(Imperial 5313)
I Know
Thinking of You
1954
(Imperial 5323)
14
Don't You Know
Helping Hand
1955
(Imperial 5340)
7
Ain't That a Shame
La La
1955
(Imperial 5348)
10
1
23
All By Myself
Troubles of My Own
1955
(Imperial 5357)
1
Poor Me
1955
(Imperial 5369)
1
I Can't Go On
1955
"
6
Bo Weevil
1956
(Imperial 5375)
35
5
Don't Blame It on Me
1956
"
9
I'm in Love Again
1956
(Imperial 5386)
3
1
12
My Blue Heaven
1956
"
19
5
When My Dreamboat Comes Home
1956
(Imperial 5396)
14
2
So Long
1956
"
44
5
Blueberry Hill
1956
(Imperial 5407)
2
1
1
Honey Chile
1956
"
2
29
Blue Monday
1956
(Imperial 5417)
5
1
2
What's the Reason I'm Not Pleasing You
1956
"
50
12
I'm Walkin'
I'm in the Mood for Love
1957
(Imperial 5428)
4
1
19
The Rooster Song
My HappinessAs Time Goes ByHey La Bas (4 song EP)
1957
(Imperial 147)
13
8
Valley of Tears
1957
(Imperial 5442)
8
2
25
It's You I Love
1957
"
6
2
What Will I Tell My Heart
1957
(Imperial 5454)
64
12
When I See You
1957
"
29
14
Wait and See
1957
(Imperial 5467)
23
7
I Still Love You
1957
"
79
The Big Beat
1957
(Imperial 5477)
26
15
20
I Want You to Know
1957
"
32
Yes My Darling
Don't You Know I Love You
1958
(Imperial 5492)
55
10
Sick and Tired
1958
(Imperial 5515)
22
14
26
No, No
1958
"
55
14
Little Mary
Prisoner's Song
1958
(Imperial 5526)
48
4
Young School Girl
It Must Be Love
1958
(Imperial 5537)
92
15
Whole Lotta Loving
1958
(Imperial 5553)
6
2
10
Coquette
1958
"
92
26
Telling Lies
1959
(Imperial 5569)
50
13
When the Saints Go Marching In
1959
"
50
I'm Ready
1959
(Imperial 5585)
16
7
Margie
1959
"
51
18
I Want to Walk You Home
1959
(Imperial 5606)
8
1
14
I'm Gonna Be a Wheel Someday
1959
"
17
22
Be My Guest
1959
(Imperial 5629)
8
2
11
I've Been Around
1959
"
33
19
If You Need Me
1960
(Imperial 5645)
98
Country Boy
1960
"
25
19
Before I Grow Too Old
1960
(Imperial 5660)
84
17
Tell Me That You Love Me
1960
"
51
Walking to New Orleans
1960
(Imperial 5675)
6
2
19
Don't Come Knockin'
1960
"
21
28
Three Nights a Week
1960
(Imperial 5687)
15
8
45
Put Your Arms Around Me Honey
1960
"
58
My Girl Josephine
1960
(Imperial 5704)
14
7
32
Natural Born Lover
1960
"
38
28
Ain't That Just Like a Woman
1961
(Imperial 5723)
33
19
What a Price
1961
"
22
7
Shu Rah
1961
(Imperial 5734)
32
Fell in Love on Monday
1961
"
32
It Keeps Rainin'
I Just Cry
1961
(Imperial 5753)
23
18
49
Let The Four Winds Blow
Good Hearted Man
1961
(Imperial 5764)
15
2
What A Party
1961
(Imperial 5779)
22
43
Rockin' Bicycle
1961
"
83
I Hear You Knocking
1961
(Imperial 5796)
67
Jambalaya (On the Bayou)
1961
"
30
41
You Win Again
1962
(Imperial 5816)
22
Ida Jane
1962
"
90
My Real Name
My Heart Is Bleeding
1962
(Imperial 5833)
59
22
Dance with Mr. Domino
1962
(Imperial 5863)
98
Nothing New (Same Old Thing)
1962
"
77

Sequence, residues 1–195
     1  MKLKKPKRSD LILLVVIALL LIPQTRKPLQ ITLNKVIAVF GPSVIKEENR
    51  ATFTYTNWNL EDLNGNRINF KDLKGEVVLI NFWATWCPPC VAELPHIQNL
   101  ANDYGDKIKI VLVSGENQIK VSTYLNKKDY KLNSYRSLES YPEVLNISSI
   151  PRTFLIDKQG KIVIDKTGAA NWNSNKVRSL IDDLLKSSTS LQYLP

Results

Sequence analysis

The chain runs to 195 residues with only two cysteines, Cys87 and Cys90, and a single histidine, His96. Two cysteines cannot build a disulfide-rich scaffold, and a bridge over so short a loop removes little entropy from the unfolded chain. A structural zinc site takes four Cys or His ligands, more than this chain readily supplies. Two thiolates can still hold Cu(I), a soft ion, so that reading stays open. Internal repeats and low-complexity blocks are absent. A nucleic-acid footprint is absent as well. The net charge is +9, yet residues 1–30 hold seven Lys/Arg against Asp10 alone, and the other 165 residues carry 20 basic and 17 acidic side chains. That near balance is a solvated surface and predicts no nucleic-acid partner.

Did You Ever See a Dream Walking
1962
(Imperial 5875)
79
Stop the Clock
1962
"
103
Won't You Come on Back
Hands Across the Table
1962
(Imperial 5895)
Hum Diddy Doo
Those Eyes
1963
(Imperial 5909)
124
You Always Hurt the One You Love
Trouble Blues
1963
(Imperial 5937)
102
True Confession
Isle of Capri
1963
(Imperial 5959)
One Night
I Can't Go on This Way
1963
(Imperial 5980)
There Goes (My Heart Again)
1963
(ABC 10444)
59
Can't Go on Without You
1963
"
123
When I'm Walking (Let Me Walk)
1963
(ABC 10475)
114
I've Got a Right to Cry
1963
"
128
Red Sails in the Sunset
Song For Rosemary
1963
(ABC 10484)
35
24
34
I Can't Give You Anything But Love
Goin' Home
1963
(Imperial 66005)
114
Who Cares
1963
(ABC 10512)
63
27
Just a Lonely Man
1963
"
108
Your Cheatin' Heart
When I Was Young
1964
(Imperial 66016)
112
Lazy Lady
1964
(ABC 10531)
86
34
I Don't Want to Set the World on Fire
1964
"
122
If You Don't Know What Love Is
Something You Got Baby
1964
(ABC 10545)
Mary, Oh Mary
Packin' Up
1964
(ABC 10567)
127
Sally Was a Good Old Girl
For You
1964
(ABC 10584)
99
Kansas City
Heartbreak Hill
1964
(ABC 10596)
99
Why Don't You Do Right
Wigs
1965
(ABC 10631)
Let Me Call You Sweetheart
Goodnight Sweetheart
1965
(ABC 10644)
I Done Got Over It
I Left My Heart In San Francisco
1965
(Mercury 72463)
What's That You Got?
It's Never Too Late
1965
(Mercury 72485)
The Lady in Black
Working My Way Up Steady
1967
(Broadmoor 104)
Big Mouth
Wait 'Til It Happens to You
1967
(Broadmoor 105)
One For The Highway
Honest Papas Love Their Mamas Better
1968
(Reprise 0696)
Lady Madonna
One for the Highway
1968
(Reprise 0763)
100
Lovely Rita
Wait 'Till It Happens to You
1968
(Reprise 0775)
Everybody's Got Something to Hide Except Me and My Monkey
So Swell When You're Well
1969
(Reprise 0843)
Make Me Belong to You
Have You Seen My Baby
1970
(Reprise 0891)
New Orleans Ain't the Same
Sweet Patootie
1970
(Reprise 0944)
Sleeping on the Job
After Hours
1978
(Sonet 2168 -UK)
Whiskey Heaven
--
1980
(Warner Bros. Records 49610)